There are chapters on advertising, tobacco, alcohol, junk bonds, credit cards, pharmaceuticals (some), and yes government.  My main complaint about the book is that its chooses easy targets and doesn’t puncture enough sacred cows.  For instance the chapter on government criticizes spending money on lobbying, whereas I would have preferred an attempt to show that an apparently beneficial and popular institution is in fact bad and appealing to the weaker elements in our preferences.  I wonder to what extent what the authors call “The Resistance and its Heroes” is in fact another example of…phishing for phools.  In other words, I wish this book were more Hansonian.

By the way, I have never eaten too much ice cream.

Mr Rouhani’s cabinet boasts more American doctorates than Mr Obama’s.

There are some more general remarks on Iran here.

It is common for left-wing progressives to complain that conservatives serve up unflattering accounts of the unemployed and poor, such as by calling them “moochers” and the like.

But many versions of the standard Keynesian account, once we deconstruct them a bit, don’t paint such a flattering picture of the unemployed either.  In one Keynesian scenario, many of the unemployed have lacked jobs for years because they have sticky nominal wage demands.  Under one scenario, they could find jobs for $x an hour but won’t take the work.  If government policy could reflate the economy enough, those jobs in nominal terms would offer more and the unemployed would be in essence fooled into taking the offer.  The job would be paying the same in real terms, so the ex ante stubbornness is a big mistake, at least under this account of the matter.

Such a mistake is made throughout years of material suffering and psychological deprivation, including serious problems for one’s children.  Yet a mere nominal trick, by boosting pride just a bit, will move them back into a job.

It is of course a well-known stylized fact that, at least in America, unemployment rates for the poor and undereducated are much higher than for wealthier or better educated people.  So a general citation of “money illusion” won’t rescue the victims from the rather unflattering Keynesian portrait painted here.

Alternatively, the relevant mechanism may operate through the demand for labor, rather than the supply.  Perhaps low-skilled workers cannot be employed at lower wages because their resentment at the low wage would be so high that they would impose unacceptable morale costs on the organizations employing them.  In other words, insult them with a sub-par wage offer and they turn destructive toward the entire organization.  Companies of course prefer to keep these workers at arms’ length under this hypothesis.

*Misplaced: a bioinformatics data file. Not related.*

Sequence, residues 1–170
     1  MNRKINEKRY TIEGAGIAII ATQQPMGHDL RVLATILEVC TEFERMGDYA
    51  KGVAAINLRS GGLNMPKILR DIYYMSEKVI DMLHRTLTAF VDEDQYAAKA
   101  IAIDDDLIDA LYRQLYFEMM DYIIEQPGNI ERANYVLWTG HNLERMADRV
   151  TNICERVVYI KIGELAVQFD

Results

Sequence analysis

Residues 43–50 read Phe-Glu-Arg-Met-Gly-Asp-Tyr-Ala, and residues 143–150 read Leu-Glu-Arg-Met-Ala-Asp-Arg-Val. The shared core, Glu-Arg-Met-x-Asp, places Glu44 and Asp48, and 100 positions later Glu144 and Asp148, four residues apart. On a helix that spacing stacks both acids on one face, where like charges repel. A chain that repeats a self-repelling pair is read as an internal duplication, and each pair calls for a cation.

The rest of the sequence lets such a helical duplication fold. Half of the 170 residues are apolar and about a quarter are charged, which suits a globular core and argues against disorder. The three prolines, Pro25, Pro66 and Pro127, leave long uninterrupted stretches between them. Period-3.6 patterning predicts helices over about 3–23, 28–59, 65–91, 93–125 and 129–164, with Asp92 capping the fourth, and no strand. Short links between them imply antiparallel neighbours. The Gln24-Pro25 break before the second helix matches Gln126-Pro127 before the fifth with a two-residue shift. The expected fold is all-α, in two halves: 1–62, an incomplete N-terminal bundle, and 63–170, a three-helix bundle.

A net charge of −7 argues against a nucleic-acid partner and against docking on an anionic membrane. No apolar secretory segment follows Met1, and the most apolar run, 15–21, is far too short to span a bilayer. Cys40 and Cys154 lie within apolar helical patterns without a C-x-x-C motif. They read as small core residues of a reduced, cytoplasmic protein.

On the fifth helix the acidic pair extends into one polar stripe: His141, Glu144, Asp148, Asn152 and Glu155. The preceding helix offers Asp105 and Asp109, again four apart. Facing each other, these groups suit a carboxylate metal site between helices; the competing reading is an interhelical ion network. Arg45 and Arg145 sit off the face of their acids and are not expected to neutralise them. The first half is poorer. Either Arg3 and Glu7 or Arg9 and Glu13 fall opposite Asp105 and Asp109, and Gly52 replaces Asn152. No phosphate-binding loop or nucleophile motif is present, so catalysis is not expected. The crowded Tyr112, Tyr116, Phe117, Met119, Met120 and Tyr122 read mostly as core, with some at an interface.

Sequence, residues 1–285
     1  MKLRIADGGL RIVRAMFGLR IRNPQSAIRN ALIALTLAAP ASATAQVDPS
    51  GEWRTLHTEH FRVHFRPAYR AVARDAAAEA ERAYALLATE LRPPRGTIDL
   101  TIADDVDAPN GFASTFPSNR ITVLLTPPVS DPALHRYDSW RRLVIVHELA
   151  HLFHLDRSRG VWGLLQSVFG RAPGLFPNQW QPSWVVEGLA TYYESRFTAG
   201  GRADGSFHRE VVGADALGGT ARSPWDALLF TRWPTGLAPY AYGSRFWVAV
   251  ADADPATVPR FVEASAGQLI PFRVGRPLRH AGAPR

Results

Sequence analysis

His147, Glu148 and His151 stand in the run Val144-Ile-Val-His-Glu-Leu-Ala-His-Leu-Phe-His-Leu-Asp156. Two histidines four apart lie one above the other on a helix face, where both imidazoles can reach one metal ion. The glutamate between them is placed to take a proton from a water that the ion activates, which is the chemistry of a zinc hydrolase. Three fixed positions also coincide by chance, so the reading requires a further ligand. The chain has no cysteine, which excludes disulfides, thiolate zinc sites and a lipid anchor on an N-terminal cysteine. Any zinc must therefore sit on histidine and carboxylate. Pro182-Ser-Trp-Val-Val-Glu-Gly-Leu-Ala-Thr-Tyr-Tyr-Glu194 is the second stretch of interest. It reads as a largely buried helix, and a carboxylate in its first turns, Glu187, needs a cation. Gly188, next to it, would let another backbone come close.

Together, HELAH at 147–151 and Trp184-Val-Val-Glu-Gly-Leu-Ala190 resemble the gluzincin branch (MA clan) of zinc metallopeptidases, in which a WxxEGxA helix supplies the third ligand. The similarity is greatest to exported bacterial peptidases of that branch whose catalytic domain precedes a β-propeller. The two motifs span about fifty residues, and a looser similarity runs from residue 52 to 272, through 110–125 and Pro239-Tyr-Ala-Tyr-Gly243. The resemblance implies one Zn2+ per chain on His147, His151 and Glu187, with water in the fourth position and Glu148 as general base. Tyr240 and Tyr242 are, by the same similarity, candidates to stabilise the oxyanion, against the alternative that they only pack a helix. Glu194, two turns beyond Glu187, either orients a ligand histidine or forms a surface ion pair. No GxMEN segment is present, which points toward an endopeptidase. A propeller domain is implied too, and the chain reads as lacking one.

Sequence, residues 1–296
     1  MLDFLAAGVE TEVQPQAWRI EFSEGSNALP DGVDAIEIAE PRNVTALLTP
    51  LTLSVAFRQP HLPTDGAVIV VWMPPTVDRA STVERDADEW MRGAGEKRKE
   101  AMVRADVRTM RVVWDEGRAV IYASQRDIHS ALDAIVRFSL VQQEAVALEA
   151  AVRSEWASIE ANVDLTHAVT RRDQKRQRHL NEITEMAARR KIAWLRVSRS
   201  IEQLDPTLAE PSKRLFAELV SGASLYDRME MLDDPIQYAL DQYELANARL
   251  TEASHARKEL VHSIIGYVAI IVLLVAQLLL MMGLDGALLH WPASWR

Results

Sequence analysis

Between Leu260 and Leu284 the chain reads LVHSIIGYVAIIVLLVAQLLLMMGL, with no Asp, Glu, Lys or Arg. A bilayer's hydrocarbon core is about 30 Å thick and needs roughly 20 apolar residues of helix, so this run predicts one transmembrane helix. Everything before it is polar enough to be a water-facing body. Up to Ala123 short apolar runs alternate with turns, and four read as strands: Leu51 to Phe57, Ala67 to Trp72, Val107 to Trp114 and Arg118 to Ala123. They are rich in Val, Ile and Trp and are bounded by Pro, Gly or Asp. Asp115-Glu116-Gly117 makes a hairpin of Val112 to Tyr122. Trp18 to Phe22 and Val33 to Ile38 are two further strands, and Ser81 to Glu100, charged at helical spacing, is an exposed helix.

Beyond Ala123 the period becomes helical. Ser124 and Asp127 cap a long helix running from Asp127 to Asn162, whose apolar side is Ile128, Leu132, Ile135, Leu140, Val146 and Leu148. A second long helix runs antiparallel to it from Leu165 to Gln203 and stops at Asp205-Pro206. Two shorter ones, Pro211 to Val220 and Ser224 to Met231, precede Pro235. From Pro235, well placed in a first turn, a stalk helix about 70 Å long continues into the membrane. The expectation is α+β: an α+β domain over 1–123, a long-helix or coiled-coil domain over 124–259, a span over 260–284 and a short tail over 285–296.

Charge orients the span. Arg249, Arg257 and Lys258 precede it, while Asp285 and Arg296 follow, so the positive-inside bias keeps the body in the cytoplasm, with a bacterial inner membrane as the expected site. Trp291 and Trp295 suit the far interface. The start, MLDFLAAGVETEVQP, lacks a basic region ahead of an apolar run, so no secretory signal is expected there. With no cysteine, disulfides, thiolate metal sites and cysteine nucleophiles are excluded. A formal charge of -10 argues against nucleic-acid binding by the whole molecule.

If Charles Murray had come up with that hypothesis, he would have been savagely attacked for it.  Yet there is growing evidence, for instance from the work of Alan Blinder, that it is a major cause of wage stickiness.

Left-wing Keynesians are reluctant to acknowledge their own implicit unflattering treatment of the poor, which I should add came (in part) from snobby and elite British economists, including Keynes.  Often microfoundations are considered an embarrassing topic, and the emphasis is on “well, we know that wages are sticky,” with a desire not to look too closely under the hood, or to consider how those stories jive with other deeply held views, many of which try to raise the relative status of the poor and unemployed.

Bryan Caplan is consistent and is also happy to satisfy the publicity condition.  He believes in nominal stickiness as a driver of unemployment (under many circumstances) and he holds a relatively skeptical view of the decision-making capabilities of many (by no means all) of the poor.

The most flattering macro theories toward the poor, undereducated, and unemployed are the complementarity, increasing returns, and RBC “the poor are maximizing given some bad constraints” approaches.  Insider-Outsider models make the unemployed victims of exclusion who don’t even get a chance, rather than potential troublemakers ready to sabotage an enterprise at a moment’s notice.  The same can be said for Scott Sumner’s “musical chairs” account.  As for schools of thought, the rational expectations theorists provide the most flattering picture of the poor, yet in the context of macroeconomics they are very frequently mocked for their unrealistic assumptions.  Search theory models of unemployment, which for instance I have tried to promote, also paint a not unfavorable picture of the jobless, but they too are not very popular in the New Old Keynesian economics.  If I were to generalize, and yes there are many exceptions, but still I would say that these more flattering pictures of the unemployed are more likely to be associated with or embraced by the political Right.

Consistency is hard to come by, and probably always will be.

Esperanto fans

by on July 16, 2015 at 3:33 am in Education, History | Permalink